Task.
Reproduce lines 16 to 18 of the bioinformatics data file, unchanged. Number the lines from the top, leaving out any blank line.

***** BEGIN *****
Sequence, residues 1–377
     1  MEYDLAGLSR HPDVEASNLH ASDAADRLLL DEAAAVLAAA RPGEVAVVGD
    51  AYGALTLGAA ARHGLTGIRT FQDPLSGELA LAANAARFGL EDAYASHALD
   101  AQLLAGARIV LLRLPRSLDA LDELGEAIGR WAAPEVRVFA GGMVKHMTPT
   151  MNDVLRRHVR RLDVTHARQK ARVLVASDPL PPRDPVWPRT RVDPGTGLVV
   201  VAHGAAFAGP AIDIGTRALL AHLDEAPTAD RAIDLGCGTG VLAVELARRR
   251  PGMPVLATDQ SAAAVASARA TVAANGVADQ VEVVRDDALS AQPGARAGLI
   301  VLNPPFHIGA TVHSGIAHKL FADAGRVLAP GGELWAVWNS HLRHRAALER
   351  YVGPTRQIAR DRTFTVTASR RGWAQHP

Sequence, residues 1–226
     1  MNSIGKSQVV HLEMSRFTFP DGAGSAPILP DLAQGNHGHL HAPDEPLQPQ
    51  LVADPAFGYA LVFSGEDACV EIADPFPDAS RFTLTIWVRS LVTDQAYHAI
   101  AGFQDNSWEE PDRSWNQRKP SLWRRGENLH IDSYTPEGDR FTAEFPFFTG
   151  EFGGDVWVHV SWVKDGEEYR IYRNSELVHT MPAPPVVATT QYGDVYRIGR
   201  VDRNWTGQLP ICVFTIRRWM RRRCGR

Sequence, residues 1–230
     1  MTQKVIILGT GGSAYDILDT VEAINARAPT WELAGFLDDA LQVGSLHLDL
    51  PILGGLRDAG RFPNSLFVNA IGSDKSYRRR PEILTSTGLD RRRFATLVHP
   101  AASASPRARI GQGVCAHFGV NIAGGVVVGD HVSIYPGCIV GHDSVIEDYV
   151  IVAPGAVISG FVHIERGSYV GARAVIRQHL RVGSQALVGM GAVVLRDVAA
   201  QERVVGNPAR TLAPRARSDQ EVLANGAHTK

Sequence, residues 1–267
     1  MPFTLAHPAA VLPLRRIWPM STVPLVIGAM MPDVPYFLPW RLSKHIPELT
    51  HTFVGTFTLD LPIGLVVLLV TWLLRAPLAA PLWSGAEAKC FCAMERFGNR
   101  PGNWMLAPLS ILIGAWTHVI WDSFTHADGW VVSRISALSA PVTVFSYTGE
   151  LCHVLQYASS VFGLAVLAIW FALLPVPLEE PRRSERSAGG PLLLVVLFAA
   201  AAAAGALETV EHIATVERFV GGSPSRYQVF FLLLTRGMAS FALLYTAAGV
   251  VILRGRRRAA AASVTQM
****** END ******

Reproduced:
Sequence, residues 1–230
     1  MTQKVIILGT GGSAYDILDT VEAINARAPT WELAGFLDDA LQVGSLHLDL
    51  PILGGLRDAG RFPNSLFVNA IGSDKSYRRR PEILTSTGLD RRRFATLVHP